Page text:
You can apply for up to a maximum of £1000/year to assist with additional financial costs that you incur for care usually provided by you whilst you attend a chemistry related meeting, conference or workshop or a professional development event.

Caring responsibilities are wide and varied, and so each application will be individually assessed, examples of applications that we will consider include:
  • paying for extra home help or nursing care for a dependent whilst you will not be present
  • additional medical/respite care for a dependent whilst you will not be present
  • travel expenses for a relative to travel with you to care for dependents whilst you attend a meeting or event
  • paying for extended hours with a care worker/childminder/play scheme to cover time when you will arrive home later than normal.
You are eligible to apply if: 
  • you are a chemist
  • you will incur additional caring expenses whilst attending a chemistry-related meeting, conference, event or workshop or a professional development event
  • you will use these funds to cover the cost of care that you usually provide 
  • you are based in the UK or Ireland or if not, you will normally have held three years RSC membership (past or current).

Scientific programme

A PDF of the programme outline can be downloaded from the Downloads section at the top of the page.

Poster sessions

Friday 30 June at 16:00 (BST)
Join our online platform on Friday 30 June for an online poster session and meet our virtual poster presenters. 

Monday 3 July at 18:15 (BST)
Tuesday 4 July at 18:00 (BST)

In-person poster sessions will take place on the Monday and Tuesday evening at the above times. Posters can also be viewed during the lunch and refreshment breaks.

Whether or not you are presenting a poster, we encourage you to attend these sessions as they are your opportunity to discover and discuss new work, network with your peers, create new connections and collaborations, and (if you are a presenter) answer questions from the poster judges. 

Conference banquet

Wednesday 5 July at 19:30 (BST)
Sitting in the middle of Dublin, in the legendary St. James’s Gate Brewery, GUINNESS STOREHOUSE is indeed the “Home of GUINNESS” ! In days gone by, it was a fermentation plant, but today it has been transformed into Ireland’s number one international visitor attraction and a world class event destination. Upon arrival, guests will be invited to undertake a self-guided tour of the ground and first floors of GUINNESS STOREHOUSE. This section of the tour includes the ingredients of GUINNESS, the brewing processes and the interactive Arthur GUINNESS Gallery. Guests will be able to browse the Storehouse shop during the drinks reception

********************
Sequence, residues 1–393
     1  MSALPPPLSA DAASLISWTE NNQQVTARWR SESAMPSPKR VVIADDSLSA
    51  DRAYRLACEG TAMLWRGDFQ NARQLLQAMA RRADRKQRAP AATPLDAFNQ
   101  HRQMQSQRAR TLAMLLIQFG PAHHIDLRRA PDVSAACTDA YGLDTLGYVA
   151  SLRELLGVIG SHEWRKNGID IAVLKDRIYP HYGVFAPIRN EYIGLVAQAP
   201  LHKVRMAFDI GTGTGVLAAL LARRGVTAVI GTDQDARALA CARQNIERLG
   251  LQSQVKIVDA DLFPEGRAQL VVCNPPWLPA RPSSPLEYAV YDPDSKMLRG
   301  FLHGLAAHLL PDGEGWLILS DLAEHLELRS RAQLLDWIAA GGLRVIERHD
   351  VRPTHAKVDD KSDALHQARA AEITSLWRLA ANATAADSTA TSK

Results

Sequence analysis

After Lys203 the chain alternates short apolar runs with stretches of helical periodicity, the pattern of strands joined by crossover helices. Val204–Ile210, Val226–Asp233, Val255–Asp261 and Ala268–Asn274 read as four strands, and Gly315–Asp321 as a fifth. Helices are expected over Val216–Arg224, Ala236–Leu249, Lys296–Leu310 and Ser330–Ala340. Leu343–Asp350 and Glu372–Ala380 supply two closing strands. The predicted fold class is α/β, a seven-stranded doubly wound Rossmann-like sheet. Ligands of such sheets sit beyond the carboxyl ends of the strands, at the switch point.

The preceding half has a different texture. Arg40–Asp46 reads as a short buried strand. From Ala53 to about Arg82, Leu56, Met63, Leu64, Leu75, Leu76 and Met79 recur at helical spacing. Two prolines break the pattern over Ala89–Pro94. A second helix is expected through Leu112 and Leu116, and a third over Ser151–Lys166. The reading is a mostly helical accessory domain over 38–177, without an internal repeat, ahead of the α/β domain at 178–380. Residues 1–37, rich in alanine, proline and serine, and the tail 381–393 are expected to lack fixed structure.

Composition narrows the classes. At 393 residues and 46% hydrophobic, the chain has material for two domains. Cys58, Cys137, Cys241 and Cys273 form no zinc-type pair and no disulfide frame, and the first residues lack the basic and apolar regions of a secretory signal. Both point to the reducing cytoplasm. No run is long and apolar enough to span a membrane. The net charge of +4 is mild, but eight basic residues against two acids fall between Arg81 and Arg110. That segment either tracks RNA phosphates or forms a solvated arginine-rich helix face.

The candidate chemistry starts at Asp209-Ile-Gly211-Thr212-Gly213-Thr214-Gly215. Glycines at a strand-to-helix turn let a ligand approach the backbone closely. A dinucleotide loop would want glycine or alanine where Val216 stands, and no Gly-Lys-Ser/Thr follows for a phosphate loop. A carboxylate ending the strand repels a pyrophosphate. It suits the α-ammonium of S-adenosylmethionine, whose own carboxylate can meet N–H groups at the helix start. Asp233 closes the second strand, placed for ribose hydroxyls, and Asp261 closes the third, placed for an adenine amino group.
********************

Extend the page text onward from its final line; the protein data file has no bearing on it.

Return transport will be provided from University College Dublin to the Storehouse.

The cost is £70 plus VAT, please indicate if you would like to attend. Places are strictly limited.

Careers consultations

Slots will be available to book via the link in the Introduction section of this page.
MC16 delegates can also book a CV consultation with an RSC career and professional development adviser who will review your CV and provide one-to-one advice. 
If the slots are fully booked, please email including information that you are attending MC16 and the Careers Team will contact you directly to arrange an alternative slot. Please note these consultations are only available for RSC members.

Meet the speakers

Friday 30 June at 14:00 (BST)
Join this informal online-only session and hear from some of our speakers. Topics will include (but are not limited to): achieving/maintaining a work/life balance; grant and paper writing tips; choosing and making the most of the right opportunities; starting and leading a research group; things they wish they’d known as an early career researcher; and moving to and working in a different research environment. Questions on these and other themes are welcome – come along to what should be an interesting discussion!

Making science greener

Monday 3 July at 17:40 (BST)
Science and technology and key to a more sustainable future – from clean energy technologies to tackling disease – and laboratories are essential to carrying out the research, analysis and teaching that underpin these advances. However, laboratory buildings, processes and equipment, by their nature, can be resource and energy intensive. This session will highlight some key findings from the RSC’s Sustainable Labs report, share ideas and discuss the challenges and opportunities to drive forward lab sustainability in the chemical sciences.